In the next 26 months (remarkably fast for a big science enterprise), a device called the Corrective Optics Space Telescope Axial Replacement was devised. Consisting of 5,300 individual parts, it was a device that used mirrors to correct the spherical aberration; the popular allusion of the time was glasses for the Hubble. John Bahcall, echoing a recurring sentiment about the Hubble project, said that the success of COSTAR was “a question of life or death for NASA”. In 1994, the first servicing mission, throughout a series of space-walks over ten days, installed COSTAR, replaced the solar arrays and four gyroscopes, added four electrical devices and two magnetometers. The servicing mission was an amazing success, a historic feat of problem solving and human dexterity when there was no Superman with x-ray vision to clean the lens.
On January 13th, 1994, the mission was publicly declared successful, and the once blurry vision was resolved, bringing us the amazing images we have all seen, glimpses into the deep fields and swirling clouds of a vast universe of unimagined phenomena. The Hubble had become a success, revolutionizing astronomy and kicking off a new era of space science.
But the rocky road to Hubble’s current place as icon and reification of space science and technology in the popular consciousness leaves us with many unanswered questions. Looking back, Chaisson, who was intimately involved with the project, writes of the initial stages of Hubble that they exhibited a “flagrant lack of thinking, design and application”. The whole project suffered from “...a case of engineering myopia, a clear and steady failure to heed the bigger picture”. About the Space Telescope Science Institute, Chaisson regrets that it was established “...several years after [the telescope’s] hardware had been frozen, its instruments nearly built, its crucial optical system already shaped... too late to influence materially the fundamental design”.
Many of those involved in the Hubble project became strongly disillusioned with the role of NASA in scientific endeavor. Chaisson remembers that “NASA officials often stressed being part of the ‘Hubble team’, not realizing that the Agency’s version of total management damps innovation while breeding mediocrity”. Gerrit Verschur, a radio astronomer with no conflict of interest, said that “[NASA’s] weakness lies in public relations, unconsciously structured to titillate and perpetuate scientific illiteracy”. Senator Dale Bumpers said before Hubble was launched outside a hearing in Washington that “NASA’s eyes are bigger than its stomach, and it needs its wings clipped”. Chaisson is even more scathing in his critique: “the space agency... has solidified into a bureaucratic morass that rewards mediocrity and self-preservation while damping creativity and innovation”. Chaisson continues to assert that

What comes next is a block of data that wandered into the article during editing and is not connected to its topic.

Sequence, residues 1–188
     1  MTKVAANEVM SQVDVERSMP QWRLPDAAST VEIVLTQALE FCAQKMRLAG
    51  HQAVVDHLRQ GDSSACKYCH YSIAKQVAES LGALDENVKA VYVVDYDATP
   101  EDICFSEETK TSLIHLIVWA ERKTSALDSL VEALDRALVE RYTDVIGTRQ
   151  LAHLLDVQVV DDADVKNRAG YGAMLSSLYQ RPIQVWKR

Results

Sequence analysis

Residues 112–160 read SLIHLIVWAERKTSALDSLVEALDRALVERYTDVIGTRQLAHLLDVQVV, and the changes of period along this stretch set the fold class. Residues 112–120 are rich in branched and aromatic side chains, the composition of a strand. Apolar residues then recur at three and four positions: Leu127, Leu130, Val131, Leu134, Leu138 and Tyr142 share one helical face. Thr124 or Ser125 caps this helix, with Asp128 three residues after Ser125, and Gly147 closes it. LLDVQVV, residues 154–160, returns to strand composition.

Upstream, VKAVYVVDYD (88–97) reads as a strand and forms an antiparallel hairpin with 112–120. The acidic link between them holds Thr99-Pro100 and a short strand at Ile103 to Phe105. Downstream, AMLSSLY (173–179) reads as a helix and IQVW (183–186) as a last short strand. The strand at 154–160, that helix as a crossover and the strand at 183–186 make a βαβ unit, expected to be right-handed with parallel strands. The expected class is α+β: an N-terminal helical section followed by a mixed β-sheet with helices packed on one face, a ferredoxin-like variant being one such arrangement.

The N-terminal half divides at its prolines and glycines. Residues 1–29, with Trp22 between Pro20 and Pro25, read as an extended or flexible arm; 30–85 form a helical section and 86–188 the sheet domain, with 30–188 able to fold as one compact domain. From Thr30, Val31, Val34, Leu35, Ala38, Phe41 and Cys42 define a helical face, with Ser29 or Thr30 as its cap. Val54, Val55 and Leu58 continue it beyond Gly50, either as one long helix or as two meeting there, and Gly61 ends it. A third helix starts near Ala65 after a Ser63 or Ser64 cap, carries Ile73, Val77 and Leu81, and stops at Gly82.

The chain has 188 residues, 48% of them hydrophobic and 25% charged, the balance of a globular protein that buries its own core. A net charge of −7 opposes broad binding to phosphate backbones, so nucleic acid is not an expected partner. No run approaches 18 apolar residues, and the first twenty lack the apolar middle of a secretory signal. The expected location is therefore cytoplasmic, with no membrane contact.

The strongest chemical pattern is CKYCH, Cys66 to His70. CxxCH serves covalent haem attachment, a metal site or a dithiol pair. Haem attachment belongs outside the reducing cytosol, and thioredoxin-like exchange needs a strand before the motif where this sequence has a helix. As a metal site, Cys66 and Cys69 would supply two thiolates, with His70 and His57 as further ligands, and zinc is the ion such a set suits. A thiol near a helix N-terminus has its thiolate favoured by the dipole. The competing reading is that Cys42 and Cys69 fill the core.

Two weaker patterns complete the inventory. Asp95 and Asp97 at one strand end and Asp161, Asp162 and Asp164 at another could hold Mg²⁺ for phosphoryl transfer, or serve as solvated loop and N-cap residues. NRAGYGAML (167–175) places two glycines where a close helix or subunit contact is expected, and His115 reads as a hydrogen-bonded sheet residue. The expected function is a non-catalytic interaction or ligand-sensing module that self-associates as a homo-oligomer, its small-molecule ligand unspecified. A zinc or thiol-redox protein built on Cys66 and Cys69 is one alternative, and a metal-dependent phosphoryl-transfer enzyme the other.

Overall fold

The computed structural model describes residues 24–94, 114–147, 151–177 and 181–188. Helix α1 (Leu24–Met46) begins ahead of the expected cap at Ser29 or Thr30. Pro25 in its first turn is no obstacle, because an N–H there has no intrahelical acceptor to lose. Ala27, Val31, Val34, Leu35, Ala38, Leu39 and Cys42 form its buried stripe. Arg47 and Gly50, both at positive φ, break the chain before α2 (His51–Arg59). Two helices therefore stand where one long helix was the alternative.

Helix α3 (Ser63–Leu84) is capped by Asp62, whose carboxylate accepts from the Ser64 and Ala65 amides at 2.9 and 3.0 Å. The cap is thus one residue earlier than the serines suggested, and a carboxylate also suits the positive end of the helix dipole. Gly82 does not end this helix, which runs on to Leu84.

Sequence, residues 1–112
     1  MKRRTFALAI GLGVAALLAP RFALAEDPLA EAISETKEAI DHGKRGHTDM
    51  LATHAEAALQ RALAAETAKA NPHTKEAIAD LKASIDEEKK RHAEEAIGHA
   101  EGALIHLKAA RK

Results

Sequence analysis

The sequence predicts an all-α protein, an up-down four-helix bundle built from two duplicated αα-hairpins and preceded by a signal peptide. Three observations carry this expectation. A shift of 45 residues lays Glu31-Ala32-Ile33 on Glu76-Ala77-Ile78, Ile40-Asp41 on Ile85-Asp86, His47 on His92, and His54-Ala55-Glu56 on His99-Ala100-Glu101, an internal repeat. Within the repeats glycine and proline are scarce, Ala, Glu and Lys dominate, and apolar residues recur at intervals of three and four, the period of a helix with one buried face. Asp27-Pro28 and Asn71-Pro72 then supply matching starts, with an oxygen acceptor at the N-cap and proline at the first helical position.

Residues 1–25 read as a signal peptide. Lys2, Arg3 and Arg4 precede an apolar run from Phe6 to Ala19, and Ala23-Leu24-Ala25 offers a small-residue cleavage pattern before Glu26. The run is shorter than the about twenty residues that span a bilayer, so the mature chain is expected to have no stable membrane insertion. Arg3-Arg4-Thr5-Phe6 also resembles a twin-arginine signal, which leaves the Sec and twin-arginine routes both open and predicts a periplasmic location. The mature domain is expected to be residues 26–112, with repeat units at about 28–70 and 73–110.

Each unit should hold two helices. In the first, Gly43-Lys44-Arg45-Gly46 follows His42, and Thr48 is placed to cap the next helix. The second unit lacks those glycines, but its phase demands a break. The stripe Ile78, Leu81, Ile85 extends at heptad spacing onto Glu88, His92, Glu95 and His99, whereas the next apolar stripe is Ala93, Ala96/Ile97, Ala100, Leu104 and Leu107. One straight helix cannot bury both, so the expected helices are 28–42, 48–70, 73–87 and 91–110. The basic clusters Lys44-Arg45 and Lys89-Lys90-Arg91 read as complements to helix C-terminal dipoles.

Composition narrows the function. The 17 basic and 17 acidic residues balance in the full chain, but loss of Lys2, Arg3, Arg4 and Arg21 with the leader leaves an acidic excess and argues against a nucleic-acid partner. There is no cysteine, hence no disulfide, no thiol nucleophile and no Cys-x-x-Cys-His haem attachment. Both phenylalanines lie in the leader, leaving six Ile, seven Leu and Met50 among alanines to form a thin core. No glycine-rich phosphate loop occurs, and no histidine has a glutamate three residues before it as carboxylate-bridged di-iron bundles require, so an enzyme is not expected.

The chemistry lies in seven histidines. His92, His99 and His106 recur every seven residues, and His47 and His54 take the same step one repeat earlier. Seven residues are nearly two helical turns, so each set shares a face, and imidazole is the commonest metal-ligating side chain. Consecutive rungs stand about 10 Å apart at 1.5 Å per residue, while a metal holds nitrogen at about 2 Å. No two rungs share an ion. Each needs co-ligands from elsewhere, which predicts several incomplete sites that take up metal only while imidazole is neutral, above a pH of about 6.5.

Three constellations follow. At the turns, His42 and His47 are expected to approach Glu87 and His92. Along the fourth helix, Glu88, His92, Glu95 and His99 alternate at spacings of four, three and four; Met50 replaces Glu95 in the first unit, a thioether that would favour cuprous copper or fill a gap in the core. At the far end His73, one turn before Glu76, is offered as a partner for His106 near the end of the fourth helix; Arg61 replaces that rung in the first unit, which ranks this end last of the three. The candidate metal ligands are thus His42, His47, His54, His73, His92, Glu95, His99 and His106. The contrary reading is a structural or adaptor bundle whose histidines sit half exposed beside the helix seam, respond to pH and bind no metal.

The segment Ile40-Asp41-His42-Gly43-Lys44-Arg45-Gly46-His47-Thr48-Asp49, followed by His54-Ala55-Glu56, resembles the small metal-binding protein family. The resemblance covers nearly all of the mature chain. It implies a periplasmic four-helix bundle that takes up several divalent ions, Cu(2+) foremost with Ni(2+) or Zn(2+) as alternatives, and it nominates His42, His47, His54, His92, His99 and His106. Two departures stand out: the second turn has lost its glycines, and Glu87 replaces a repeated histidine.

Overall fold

if the US is to have a viable and vibrant space program, NASA needs to be thoroughly reformed or replaced. (At the very least, its educational programs that should propagate truth must be divorced from its public-affairs activities that spin cheer leading, for the former are clearly linked with the latter.) Indeed, many knowledgeable individuals -- including a surprising number of high ranking NASA administrators -- are privately of the opinion that the space agency may well need to collapse before its successor can be reborn.
But just as in need of a critique as these institutions are the individuals that made them up. In the incredibly stressful weeks surrounding the announcement of spherical aberration, scientists exhibited various perverse qualities. People stormed out of meetings, slammed doors, and there was furious controversy over proprietary data. A guest engineer at the time remarked, “I’ll be damned if you guys don’t need a child psychologist”. One scientist remarked to Chaisson: “We astronomers really can be spherical bastards... a term left over from Edwin Hubble’s day to describe a malcontent from any angle”. In the midst of a committee presentation at one point, Giaconni interrupted, “[s]top! Enough! There is an absolute proliferation of paper generating committees, most of them smoke screens created by NASA management. And they are not helping”. Giacconi is an example to remind us that many scientists exhibited admirable patience and perseverance in the project. But the tensions surrounding the Hubble brought many important questions about scientific inquiry and etiquette to light which were seemingly forgotten the Hubble’s success.
There was a rising controversy over proprietary data rights, which had many scientists covering their computer screens and yelling at camera crews to go away. Lennard Fisk said that “proprietary data rights are killing us... if you’re concerned about proprietary data rights, then you’re worrying about who is stealing deck chairs on the Titanic”. While the Hubble did not sink, it is unfortunate that the debate over the scientific value of proprietary data and other crucial aspects of scientific culture which the Hubble contraversy illuminated were somehow forgiven in the Hubble’s triumph. Chaisson ominously elaborated in 1994 that “[t]his attitude of exclusivity on the part of leading scientists can only contribute to a widening of the celebrated culture gap, and possibly even a head-long slide toward a scienceless society”. Chaisson entreats: “...sharing is as valuable as discovering, teaching as honorable as research”.